How anti-vaccination campaigners storm Tatarstan’s Civic Chamber
Anti-vaccination campaigners from Samara, Saint Petersburg and Kaliningrad paid a visit to Tatarstan’s Civic Chamber
“I am Alina, I represent the International Association of Independent Doctors. Do you warn people of your region they are participating in an experiment?” A young anti-vaccination campaigner from Samara who entered the Civic Chamber of Tatarstan shocked the professional medical community from the beginning. On 9 February, Tatarstan Vice Premier Leyla Fazleyeva and head of the Civic Chamber Zilya Valeyeva held a round-table talk with experts named Vaccination — 100 and 1 Myths about Vaccines against Coronavirus but got caught in the crossfire of provocative questions of doctors and activists of the anti-vaccination movement. Realnoe Vremya’s correspondent witnessed the heated discussion.
Independent doctors behind the door
The Civic Chamber that has always been considered a “calm political harbour” in the noisy information flow turned out to be a real rink for a fight between the medical community and the movement of Russian anti-vaccination campaigners. 10-12 young ladies with a cameraman made noise at the entrance asking to let them join the round-table talk. Doctors from the “red zone”, epidemiologists, representatives of Russia’s consumer rights protection watchdog gathered for the first time there. At first, the professional medical community was going to talk about the protective influence of the Russian vaccine Sputnik V on human health and results of the first stage of the vaccination in detail. But an attack of anti-vaccination campaigners changed the scheduled programme of the first professional discussion.
A rough and insistent knock at the door was heard 10-15 minutes after the meeting began. By this time, head of the Civic Chamber Zilya Valeyeva had just welcomed the audience. First of all, she noted the meeting was not “propaganda of vaccination” and “didn’t urge people to refuse it”.
“We are discussing different points of views, we are ready to hear out different opinions of doctors who meet the death first-hand (Editor’s Note: in hospitals),” she explained. According to her, the application and efficacy of the first Russian vaccine have caused a lot of different talks in society, while the topic itself concerns citizens. And experts, scientists will answer the concerning questions the best. But Tatarstan Vice Health Care Minister Vladimir Zhavoronkov was about to start to deliver a speech, a noise behind the door interrupted him.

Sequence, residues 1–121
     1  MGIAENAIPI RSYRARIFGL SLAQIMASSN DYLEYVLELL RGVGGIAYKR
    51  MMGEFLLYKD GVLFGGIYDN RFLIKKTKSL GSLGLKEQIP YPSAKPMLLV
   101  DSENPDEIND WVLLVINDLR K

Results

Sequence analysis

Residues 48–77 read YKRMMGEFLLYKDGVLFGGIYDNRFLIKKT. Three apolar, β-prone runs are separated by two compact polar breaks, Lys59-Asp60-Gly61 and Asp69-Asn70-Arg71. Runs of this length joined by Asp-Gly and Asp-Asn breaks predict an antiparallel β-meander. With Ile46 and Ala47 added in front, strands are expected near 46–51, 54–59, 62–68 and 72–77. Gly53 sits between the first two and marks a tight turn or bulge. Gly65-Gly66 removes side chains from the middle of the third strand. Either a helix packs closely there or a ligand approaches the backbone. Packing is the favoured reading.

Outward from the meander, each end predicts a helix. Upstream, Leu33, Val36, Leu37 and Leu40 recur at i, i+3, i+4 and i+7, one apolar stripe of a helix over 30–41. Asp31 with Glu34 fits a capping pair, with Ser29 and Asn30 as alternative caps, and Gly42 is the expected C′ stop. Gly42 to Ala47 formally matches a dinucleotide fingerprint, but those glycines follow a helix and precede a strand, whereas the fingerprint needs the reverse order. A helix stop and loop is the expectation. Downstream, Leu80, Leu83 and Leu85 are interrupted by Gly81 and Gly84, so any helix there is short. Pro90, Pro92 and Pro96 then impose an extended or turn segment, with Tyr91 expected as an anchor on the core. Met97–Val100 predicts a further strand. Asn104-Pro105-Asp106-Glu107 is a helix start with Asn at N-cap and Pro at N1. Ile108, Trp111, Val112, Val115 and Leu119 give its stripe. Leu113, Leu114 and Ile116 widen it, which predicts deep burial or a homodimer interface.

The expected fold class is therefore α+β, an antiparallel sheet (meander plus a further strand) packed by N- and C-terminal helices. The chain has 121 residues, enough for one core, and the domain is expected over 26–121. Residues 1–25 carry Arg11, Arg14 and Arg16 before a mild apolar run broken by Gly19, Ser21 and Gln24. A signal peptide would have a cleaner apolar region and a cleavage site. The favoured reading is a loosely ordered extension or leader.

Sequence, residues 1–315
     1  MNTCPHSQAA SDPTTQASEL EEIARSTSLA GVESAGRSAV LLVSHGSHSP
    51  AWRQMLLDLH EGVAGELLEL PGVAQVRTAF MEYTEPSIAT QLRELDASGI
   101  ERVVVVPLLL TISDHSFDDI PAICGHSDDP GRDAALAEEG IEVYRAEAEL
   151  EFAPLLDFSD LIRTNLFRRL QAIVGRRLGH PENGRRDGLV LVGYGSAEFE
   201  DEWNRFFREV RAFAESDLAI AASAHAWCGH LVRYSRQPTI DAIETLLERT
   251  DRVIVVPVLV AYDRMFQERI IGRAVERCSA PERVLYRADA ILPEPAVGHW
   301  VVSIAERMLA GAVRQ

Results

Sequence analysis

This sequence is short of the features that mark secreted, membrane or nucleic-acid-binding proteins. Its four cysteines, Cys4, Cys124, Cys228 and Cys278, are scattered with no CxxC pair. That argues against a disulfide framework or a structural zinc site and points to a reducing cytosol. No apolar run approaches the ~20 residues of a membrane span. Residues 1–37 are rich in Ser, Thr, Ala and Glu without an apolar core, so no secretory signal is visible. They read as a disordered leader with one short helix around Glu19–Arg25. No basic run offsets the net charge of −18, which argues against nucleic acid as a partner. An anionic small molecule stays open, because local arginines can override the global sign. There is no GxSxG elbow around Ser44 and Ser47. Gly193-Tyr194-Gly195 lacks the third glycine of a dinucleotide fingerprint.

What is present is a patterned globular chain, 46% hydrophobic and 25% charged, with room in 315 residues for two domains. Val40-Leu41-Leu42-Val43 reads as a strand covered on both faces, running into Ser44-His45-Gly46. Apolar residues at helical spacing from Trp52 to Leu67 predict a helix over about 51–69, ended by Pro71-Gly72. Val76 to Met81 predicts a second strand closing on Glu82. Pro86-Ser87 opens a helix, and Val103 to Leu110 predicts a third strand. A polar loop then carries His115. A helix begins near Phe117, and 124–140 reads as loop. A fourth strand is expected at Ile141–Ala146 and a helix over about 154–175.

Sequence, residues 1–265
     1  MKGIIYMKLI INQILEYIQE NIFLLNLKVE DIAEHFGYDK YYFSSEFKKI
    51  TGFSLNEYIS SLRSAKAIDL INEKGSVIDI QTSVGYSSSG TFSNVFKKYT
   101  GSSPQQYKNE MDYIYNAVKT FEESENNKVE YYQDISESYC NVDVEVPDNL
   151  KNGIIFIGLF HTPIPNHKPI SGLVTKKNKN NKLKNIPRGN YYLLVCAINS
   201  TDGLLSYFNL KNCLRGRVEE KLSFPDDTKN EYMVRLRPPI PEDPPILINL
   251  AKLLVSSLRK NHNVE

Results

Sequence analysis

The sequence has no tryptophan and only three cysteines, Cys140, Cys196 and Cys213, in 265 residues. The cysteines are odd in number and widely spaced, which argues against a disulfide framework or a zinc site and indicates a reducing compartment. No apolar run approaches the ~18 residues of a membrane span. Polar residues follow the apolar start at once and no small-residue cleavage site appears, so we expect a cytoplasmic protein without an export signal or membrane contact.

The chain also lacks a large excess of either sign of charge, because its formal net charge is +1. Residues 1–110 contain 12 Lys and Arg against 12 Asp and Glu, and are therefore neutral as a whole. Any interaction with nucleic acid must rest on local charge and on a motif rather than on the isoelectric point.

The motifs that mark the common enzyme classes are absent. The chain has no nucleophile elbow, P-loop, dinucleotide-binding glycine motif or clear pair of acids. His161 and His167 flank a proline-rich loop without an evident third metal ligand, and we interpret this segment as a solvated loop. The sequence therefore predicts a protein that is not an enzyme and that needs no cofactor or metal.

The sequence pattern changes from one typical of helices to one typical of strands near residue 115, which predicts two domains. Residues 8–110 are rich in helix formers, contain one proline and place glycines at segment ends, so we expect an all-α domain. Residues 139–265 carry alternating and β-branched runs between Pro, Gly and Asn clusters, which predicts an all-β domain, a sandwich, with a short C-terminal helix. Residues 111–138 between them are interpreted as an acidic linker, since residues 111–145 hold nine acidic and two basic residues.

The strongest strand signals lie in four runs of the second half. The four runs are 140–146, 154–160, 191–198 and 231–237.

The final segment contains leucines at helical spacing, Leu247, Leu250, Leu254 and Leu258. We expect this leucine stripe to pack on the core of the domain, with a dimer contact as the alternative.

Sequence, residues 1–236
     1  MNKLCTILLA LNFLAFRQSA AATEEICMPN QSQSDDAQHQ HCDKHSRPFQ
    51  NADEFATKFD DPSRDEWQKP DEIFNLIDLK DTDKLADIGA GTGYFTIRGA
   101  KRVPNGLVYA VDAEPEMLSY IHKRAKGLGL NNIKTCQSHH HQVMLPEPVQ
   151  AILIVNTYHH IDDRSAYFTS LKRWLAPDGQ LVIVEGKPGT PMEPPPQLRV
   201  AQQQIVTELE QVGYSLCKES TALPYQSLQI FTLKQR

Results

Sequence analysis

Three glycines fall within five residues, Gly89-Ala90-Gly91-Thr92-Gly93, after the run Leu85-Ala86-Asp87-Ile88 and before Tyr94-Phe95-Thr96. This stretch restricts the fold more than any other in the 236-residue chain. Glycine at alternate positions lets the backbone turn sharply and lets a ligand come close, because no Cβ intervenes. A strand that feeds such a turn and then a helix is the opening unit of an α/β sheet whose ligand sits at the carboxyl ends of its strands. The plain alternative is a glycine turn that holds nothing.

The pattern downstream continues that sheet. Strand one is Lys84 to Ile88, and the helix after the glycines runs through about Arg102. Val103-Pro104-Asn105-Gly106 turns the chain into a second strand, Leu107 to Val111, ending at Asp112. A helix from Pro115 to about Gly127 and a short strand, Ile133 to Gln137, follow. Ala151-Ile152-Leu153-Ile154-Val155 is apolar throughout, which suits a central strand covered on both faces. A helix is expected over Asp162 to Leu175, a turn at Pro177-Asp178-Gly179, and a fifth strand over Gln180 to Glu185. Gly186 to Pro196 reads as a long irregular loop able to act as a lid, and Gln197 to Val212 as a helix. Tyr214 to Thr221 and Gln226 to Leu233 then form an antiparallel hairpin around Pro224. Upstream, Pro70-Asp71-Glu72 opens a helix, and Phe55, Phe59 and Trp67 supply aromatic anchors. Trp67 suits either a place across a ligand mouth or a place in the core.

As soon as the chairwoman of the Tatarstan Civic Chamber went to open the door, people outside pulled the door towards themselves and nearly injured Zilya Valeyeva’s arm. A group of unknown young ladies in protective masks entered the hall who later introduced themselves as members of the International Association of Independent Doctors. Head of the association Alina Lushavina who said she is a neurologist from Samara and Valeria Orlova, a physician from Saint Petersburg, were among them.
Around 10-12 activists of the anti-vaccination movement arrived in Kazan, but only 5-6 of their representatives were let in. We will say in advance that the guests took the initiative from the first minutes and made moderators of the meeting answer their questions for nearly 2 hours as if it was a street protest. In a word, the tone of the communication was far from professors’ meeting. Though Vice Premier Leyla Fazleyeva asked the guests several times to behave themselves. “I am asking everybody to understand that the round-table talk will take place if we stop shouting,” she warned.